Abstract

Globalisation is generally defined as the “denationalisation of clusters of political, economic, and social activities” that destabilize the ability of the sovereign State to control activities on its territory, due to the rising need to find solutions for universal problems, like the pollution of the environment, on an international level. Globalisation is a complex, forceful legal and social process that take place within an integrated whole with out regard to geographical boundaries. Globalisation thus differs from international activities, which arise between and among States, and it differs from multinational activities that occur in more than one nation‐State. This does not mean that countries are not involved in the sociolegal dynamics that those transboundary process trigger. In a sense, the movements triggered by global processes promote greater economic interdependence among countries. Globalisation can be traced back to the depression preceding World War II and globalisation at that time included spreading of the capitalist economic system as a means of getting access to extended markets. The first step was to create sufficient export surplus to maintain full employment in the capitalist world and secondly establishing a globalized economy where the planet would be united in peace and wealth. The idea of interdependence among quite separate and distinct countries is a very important part of talks on globalisation and a significant side of today’s global political economy.

Details

Managerial Law, vol. 47 no. 5
Type: Research Article
ISSN: 0309-0558

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Article
Publication date: 1 June 2002

Tina Moules

The case for involving the users of health services in the NHS decision‐making process is clearly identified in a range of Government policy and guidance documents. A…

Abstract

The case for involving the users of health services in the NHS decision‐making process is clearly identified in a range of Government policy and guidance documents. A gradual shift from seeing users as passive recipients of care to active consumers of care has led to a belief that the opinions and views of users must be heard in particular in relation to clinical audit. Alongside this shift is the increasing recognition that the views of children and young people should be sought in decisions which affect their lives. Highlights the case for involving children and young people in clinical audit. Examines the background to user involvement in general, reviews the arguments for involving children and young people and identifies some of the barriers to that involvement. Introduces briefly new research being carried out with children and young people to explore ways of involving them in clinical audit.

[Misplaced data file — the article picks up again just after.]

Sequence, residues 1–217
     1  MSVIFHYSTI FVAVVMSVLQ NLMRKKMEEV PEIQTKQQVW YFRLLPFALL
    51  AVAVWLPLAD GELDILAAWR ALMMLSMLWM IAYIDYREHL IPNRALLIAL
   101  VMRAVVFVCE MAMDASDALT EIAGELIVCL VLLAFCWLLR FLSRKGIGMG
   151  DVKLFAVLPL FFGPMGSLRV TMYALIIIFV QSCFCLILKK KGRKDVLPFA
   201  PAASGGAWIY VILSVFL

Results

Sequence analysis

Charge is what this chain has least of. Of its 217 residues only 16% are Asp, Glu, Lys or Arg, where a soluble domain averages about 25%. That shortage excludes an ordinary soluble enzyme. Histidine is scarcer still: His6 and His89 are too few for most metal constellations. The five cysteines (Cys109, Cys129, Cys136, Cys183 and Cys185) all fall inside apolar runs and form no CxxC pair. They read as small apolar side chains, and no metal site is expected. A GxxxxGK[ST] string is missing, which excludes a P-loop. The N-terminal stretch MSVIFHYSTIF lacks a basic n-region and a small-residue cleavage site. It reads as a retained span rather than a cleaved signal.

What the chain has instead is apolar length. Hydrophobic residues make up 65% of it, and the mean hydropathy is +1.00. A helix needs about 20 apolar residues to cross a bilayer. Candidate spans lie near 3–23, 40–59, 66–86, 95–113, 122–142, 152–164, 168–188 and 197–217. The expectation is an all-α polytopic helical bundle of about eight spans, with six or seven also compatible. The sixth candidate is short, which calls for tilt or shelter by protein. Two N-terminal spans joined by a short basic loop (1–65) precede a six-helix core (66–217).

Details

British Journal of Clinical Governance, vol. 7 no. 2
Type: Research Article
ISSN: 1466-4100

Keywords

Content available
Article
Publication date: 17 March 2020

Ioanna Falagara Sigala, William J. Kettinger and Tina Wakolbinger

The purpose of this study is to explore what design principles need to be considered in Enterprise Resource Planning (ERP) systems for humanitarian organizations (HOs) to…

Abstract

Purpose

The purpose of this study is to explore what design principles need to be considered in Enterprise Resource Planning (ERP) systems for humanitarian organizations (HOs) to enable agile, adaptive and aligned (Triple-A) humanitarian supply chain capabilities and digitize humanitarian operations.

Design/methodology/approach

This study follows an embedded case study approach with a humanitarian medical relief organization, Médecins Sans Frontières (MSF), which engaged in a multiyear ERP design at its humanitarian field missions.

Findings

This research shows that ERP systems for humanitarian organizations should be designed as unique systems addressing humanitarian organizations' challenges and unique missions, their value generation processes, and resource base in an effort to improve organizational performance. This study presents 12 general design principles that are unique for humanitarian organizations. These design principles provide a high-level structure of guidance under which specific requirements can be further defined and engineered to achieve success.

Research limitations/implications